UPDATE 1: On Twitter, Jonathan argues that I’m being unkind to California (1) by not describing the mandates that imposes on insurers in the individual market, and (2) not explaining that low-income people will be eligible for subsidies that protect them from much of the rate shock. of The New Republic
For an extensive discussion of Obamacare’s costly insurance mandates, such as its requirement that plans cover you whether you’re healthy or sick, read this post. For a discussion of how Obamacare’s insurance mandates dramatically increase the cost of insurance for younger workers, go here.
Jon is right that low-income individuals will be protected from these rate increases because of Obamacare’s subsidies, but if you’re not low-income, you face a double-whammy: higher taxes to pay for those subsidies, and higher better approach would be to offer everyone access to low-cost consumer-driven health coverage.-market insurance costs for yourself. A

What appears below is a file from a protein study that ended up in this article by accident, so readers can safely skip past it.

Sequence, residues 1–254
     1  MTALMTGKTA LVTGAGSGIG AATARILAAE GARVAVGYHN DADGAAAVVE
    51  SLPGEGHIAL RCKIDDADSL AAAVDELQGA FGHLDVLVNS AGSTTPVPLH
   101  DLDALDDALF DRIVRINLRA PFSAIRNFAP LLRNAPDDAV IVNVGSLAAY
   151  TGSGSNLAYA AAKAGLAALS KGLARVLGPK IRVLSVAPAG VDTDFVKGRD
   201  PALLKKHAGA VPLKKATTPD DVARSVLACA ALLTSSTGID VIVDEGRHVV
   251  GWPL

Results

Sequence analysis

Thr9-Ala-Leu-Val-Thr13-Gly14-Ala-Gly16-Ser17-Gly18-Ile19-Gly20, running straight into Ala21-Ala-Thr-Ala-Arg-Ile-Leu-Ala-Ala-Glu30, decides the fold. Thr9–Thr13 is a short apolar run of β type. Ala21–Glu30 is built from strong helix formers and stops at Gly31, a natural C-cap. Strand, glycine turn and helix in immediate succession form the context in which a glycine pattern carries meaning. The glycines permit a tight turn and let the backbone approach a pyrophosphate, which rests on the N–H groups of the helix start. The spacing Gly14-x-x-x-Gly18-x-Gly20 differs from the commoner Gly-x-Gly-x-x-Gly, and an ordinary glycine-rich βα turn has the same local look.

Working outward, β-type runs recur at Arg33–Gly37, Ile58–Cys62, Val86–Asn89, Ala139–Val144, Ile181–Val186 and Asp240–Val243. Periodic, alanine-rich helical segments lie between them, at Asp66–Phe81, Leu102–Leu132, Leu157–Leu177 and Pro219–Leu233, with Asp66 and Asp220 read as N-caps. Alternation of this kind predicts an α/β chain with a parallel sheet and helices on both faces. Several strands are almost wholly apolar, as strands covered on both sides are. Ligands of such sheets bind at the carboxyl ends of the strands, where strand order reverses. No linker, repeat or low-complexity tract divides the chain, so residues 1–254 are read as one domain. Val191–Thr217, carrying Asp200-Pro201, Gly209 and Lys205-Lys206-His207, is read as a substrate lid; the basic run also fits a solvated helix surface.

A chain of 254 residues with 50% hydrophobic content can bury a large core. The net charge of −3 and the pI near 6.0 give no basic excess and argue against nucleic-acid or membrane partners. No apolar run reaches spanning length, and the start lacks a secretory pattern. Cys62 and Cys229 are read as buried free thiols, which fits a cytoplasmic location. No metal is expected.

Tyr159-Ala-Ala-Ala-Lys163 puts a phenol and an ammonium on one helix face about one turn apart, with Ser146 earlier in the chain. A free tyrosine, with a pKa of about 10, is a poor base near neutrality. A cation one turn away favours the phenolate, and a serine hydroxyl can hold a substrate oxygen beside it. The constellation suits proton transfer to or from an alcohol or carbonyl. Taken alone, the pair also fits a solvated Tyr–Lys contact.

UPDATE 2: A number of writers did call out California for the apples-to-oranges comparison last week, including David , Philip Klein, and . Chen
, writing in View, does the useful exercise of showing that even for plans with the same generous benefit package that requires, is significantly cheaper:
To put it simply: Covered California is trying to make consumers think they’re getting more for less when, in fact, they’re just getting the same while paying more.I think the last comment summaries it best.